Following on from its second consecutive double finish in Spain, the Etihad Aldar Spyker Formula One Team goes to the fifth race of the year, the Monaco Grand Prix, looking to build on this momentum.
Run on the hallowed streets of Monte Carlo in the south of France, the Monaco Grand Prix is the most photogenic and glamorous of the year as the 3.34km track cuts through the famed Casino Square, skirts round the harbour jam-packed with yachts and rounds the world-renowned Rascasse.
It's a tight, narrow circuit that doesn't allow for any mistakes, famously referred to by triple world champion Nelson Piquet as 'like flying a helicopter in your bedroom.' With a jungle of corners, kerbstones and guardrails just inches from the sidepods, every lap is on the limit and every mistake could be the immediate end of the race.
Both race drivers Adrian Sutil and Christijan Albers know the tricky track well. Adrian is the current F3 lap record holder round the Principality, a feat he achieved in 2005 when he was team-mate to McLaren's Lewis Hamilton. Christijan has raced twice in Monaco, in 2005 and 2006, finishing both races.
Experience coupled with the F8-VII's strong reliability means there's every chance that the team could get an unexpected result should conditions and strategy allow.
Colin Kolles, team principal and managing director
Q: Has the team's progress this season met with your expectations so far?
Colin Kolles: We always knew this season was going to be tough, with new management, new drivers and a new engine, so the most we could hope for in the first races was good reliability and solid finishes. I wouldn't be honest if I said I was happy with the first two events. Malaysia was a particular low-point; having two cars out before lap 10 is just not acceptable. It's far better however that we make these mistakes early on while we are still developing as a team rather than later in the season when there's much more at stake.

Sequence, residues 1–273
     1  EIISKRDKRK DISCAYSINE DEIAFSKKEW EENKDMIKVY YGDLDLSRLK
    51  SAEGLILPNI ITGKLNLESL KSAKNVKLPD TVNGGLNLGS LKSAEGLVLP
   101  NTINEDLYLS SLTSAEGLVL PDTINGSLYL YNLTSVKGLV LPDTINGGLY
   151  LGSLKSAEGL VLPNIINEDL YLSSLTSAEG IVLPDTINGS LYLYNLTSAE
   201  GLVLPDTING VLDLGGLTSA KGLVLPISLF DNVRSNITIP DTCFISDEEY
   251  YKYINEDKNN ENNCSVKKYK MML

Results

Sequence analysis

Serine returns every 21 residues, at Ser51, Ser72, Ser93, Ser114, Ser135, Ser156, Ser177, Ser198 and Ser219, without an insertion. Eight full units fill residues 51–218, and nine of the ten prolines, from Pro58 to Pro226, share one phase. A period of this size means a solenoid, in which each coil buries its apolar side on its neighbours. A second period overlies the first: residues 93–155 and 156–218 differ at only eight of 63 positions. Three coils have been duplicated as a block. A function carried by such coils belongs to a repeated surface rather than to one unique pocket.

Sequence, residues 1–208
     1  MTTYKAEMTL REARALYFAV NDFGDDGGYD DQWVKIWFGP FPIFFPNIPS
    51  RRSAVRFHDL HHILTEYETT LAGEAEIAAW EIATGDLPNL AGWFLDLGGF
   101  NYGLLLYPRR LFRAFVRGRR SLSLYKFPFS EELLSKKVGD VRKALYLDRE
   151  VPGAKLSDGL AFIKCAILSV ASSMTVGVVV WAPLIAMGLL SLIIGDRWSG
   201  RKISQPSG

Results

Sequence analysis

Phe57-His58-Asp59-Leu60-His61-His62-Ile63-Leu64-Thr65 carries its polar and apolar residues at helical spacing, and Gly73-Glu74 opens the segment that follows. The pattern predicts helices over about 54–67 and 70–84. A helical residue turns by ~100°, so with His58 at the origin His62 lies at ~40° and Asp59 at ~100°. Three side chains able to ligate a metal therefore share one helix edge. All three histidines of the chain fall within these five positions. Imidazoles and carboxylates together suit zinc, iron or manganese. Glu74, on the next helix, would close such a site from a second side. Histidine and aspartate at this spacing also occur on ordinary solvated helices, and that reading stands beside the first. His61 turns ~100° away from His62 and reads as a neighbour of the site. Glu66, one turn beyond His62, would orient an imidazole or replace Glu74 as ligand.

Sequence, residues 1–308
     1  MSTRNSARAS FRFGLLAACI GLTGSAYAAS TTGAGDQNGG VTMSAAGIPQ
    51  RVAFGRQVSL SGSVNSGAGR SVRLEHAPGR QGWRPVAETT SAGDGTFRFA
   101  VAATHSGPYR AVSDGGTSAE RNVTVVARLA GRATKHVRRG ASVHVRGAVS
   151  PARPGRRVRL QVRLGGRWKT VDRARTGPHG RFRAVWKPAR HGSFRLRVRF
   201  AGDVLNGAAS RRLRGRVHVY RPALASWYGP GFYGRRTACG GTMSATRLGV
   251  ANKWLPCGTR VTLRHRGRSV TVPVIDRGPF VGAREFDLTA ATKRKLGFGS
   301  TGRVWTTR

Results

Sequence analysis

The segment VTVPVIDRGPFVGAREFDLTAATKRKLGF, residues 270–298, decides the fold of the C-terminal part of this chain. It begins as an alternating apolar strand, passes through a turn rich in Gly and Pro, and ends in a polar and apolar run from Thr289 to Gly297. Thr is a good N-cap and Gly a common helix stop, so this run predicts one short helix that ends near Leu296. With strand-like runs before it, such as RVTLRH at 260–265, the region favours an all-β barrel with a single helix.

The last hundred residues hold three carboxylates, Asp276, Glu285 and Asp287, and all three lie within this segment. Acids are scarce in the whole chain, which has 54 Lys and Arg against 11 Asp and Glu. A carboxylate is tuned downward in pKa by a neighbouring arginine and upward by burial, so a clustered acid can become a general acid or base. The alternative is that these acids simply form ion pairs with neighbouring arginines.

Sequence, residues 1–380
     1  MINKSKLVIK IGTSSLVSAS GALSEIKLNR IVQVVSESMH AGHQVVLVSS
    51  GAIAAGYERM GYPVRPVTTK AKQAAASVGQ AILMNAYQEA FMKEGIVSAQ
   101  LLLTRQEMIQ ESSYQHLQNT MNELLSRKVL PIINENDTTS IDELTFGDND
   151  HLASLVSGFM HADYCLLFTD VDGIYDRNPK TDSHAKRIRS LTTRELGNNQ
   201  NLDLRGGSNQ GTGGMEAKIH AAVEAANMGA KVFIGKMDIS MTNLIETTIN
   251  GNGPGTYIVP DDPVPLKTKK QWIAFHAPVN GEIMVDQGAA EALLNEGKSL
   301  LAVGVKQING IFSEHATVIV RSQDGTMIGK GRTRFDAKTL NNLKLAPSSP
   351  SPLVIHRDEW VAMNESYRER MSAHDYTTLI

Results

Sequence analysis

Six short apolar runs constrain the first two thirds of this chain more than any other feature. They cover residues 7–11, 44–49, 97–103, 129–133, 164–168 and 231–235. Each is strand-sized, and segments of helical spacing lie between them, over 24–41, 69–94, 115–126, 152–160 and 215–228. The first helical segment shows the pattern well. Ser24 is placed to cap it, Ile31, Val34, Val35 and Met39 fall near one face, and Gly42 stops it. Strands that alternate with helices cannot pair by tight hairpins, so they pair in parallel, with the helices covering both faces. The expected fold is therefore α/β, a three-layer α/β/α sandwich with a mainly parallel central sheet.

I was much more satisfied in Bahrain - Adrian had a solid race despite having initial problems and Christijan was consistent and reliable and we got two cars to the end. We carried on the momentum in Spain with another double finish and now we've got to build on this going into Monaco and beyond.
Q: Do you think there is a positive atmosphere in the team?
CK: Yes, with the 13th and 14th positions in Spain we moved from 11th to 10th in the constructors' championship, which showed we were making progress. Until Spain we were behind Toro Rosso as they had a better finishing record than us, but the double finish moved us back ahead. It might not seem a lot, but it's very important for us to be in the top 10. We cannot be happy with this in the long-term, but we have to make the most of what we can achieve at present. The atmosphere is good as we can see we are moving forward.
Q: The F8-VII cars are now showing good reliability and with Monaco known as a car-breaker there might be a chance for the team to really be up there with the group in front.